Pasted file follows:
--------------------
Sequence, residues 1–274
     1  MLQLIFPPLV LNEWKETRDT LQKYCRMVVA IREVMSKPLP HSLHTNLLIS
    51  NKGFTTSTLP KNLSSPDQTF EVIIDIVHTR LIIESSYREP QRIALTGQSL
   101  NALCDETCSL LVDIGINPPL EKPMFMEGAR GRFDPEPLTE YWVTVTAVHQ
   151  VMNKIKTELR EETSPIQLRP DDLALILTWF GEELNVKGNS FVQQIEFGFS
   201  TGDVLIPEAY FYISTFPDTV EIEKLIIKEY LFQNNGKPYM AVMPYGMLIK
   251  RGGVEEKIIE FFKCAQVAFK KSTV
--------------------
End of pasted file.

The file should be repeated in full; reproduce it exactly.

Sequence, residues 1–274
     1  MLQLIFPPLV LNEWKETRDT LQKYCRMVVA IREVMSKPLP HSLHTNLLIS
    51  NKGFTTSTLP KNLSSPDQTF EVIIDIVHTR LIIESSYREP QRIALTGQSL
   101  NALCDETCSL LVDIGINPPL EKPMFMEGAR GRFDPEPLTE YWVTVTAVHQ
   151  VMNKIKTELR EETSPIQLRP DDLALILTWF GEELNVKGNS FVQQIEFGFS
   201  TGDVLIPEAY FYISTFPDTV EIEKLIIKEY LFQNNGKPYM AVMPYGMLIK
   251  RGGVEEKIIE FFKCAQVAFK KSTV